Vroom for manoeuvre
The government is pushing ahead with plans to introduce pay-as-you-drive road-pricing across the country, after announcing a draft bill to overhaul the UK's transport system.
Under the Local Transport Bill, local authorities will be given powers to develop their own road-pricing schemes on the proviso that any funds raised are spent on the local transport network.
The government has now put out two notices in the Official Journal of the European Union inviting interested companies to bid to be part of framework agreements to run different elements of a road-pricing 'demonstrations' project - local pilots of the road-pricing schemes.
Speaking in the House of Commons, Secretary of State for Transport, Douglas Alexander, said the "demonstrations [will] help us understand how time, distance and place road-pricing could function so that it safeguards people's privacy, and operates reliably and accurately". He added: "We recognise that people are concerned about the possible impact road-pricing might have on their privacy, and they want to be reassured that any road-pricing schemes would be fair."
Ten local councils are now already working on proposals for their own local road-pricing schemes. The government believes proposals will be submitted in the summer, with trials beginning in spring 2008 - paving the way for rollouts in four to five years' time.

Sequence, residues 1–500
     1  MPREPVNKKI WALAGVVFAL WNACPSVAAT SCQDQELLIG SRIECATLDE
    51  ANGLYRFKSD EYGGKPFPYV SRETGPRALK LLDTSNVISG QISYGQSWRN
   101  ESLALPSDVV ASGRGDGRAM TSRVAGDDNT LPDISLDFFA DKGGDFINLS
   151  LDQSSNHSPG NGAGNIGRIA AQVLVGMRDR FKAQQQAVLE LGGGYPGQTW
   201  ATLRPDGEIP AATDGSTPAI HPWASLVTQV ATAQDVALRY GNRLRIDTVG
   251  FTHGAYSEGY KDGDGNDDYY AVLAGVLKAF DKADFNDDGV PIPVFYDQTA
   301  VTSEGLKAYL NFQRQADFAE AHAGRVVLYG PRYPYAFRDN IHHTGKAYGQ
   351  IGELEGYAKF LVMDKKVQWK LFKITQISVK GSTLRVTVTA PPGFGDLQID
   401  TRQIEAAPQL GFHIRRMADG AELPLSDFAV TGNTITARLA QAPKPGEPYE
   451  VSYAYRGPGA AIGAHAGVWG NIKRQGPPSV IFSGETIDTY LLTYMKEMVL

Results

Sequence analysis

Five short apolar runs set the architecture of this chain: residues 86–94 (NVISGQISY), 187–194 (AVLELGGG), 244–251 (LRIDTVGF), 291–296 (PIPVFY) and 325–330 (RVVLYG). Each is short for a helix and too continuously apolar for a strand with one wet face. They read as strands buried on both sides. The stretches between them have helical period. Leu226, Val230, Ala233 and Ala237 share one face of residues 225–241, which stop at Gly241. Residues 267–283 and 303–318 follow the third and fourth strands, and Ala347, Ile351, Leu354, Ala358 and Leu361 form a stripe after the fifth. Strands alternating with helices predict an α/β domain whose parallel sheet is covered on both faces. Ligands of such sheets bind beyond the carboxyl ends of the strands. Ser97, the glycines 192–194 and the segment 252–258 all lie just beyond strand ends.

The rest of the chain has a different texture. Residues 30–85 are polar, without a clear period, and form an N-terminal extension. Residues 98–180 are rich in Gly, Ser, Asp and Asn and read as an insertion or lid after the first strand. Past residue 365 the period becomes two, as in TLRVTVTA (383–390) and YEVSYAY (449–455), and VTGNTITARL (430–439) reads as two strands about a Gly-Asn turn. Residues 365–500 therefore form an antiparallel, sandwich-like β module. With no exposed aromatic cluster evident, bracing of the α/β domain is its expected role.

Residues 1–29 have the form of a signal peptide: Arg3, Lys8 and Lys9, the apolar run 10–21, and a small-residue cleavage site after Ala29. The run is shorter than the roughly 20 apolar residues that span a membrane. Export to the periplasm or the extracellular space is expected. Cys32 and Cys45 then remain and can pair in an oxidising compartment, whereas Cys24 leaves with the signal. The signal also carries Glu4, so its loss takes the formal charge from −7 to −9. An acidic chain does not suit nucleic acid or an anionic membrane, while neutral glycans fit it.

Alexander added: "No decisions have been taken on whether to move towards a national road-pricing scheme. It is only on the evidence from local schemes that any such decision could be taken and the government has made clear that there would need to be a full public debate. The demonstrations will help to inform that debate by building our understanding of how road-pricing systems and technologies might be designed and operated."
The Conservatives, however, have labelled the scheme "a Trojan horse" that will eventually lead to a nationwide system of tolls.
Shadow transport secretary, Chris Grayling, said in a statement: "It's now clear that Gordon Brown is as committed to the government's road-pricing plans as Tony Blair has been, despite the petition signed by 1.8 million people and official forecasts that such a scheme could cost up to £60bn."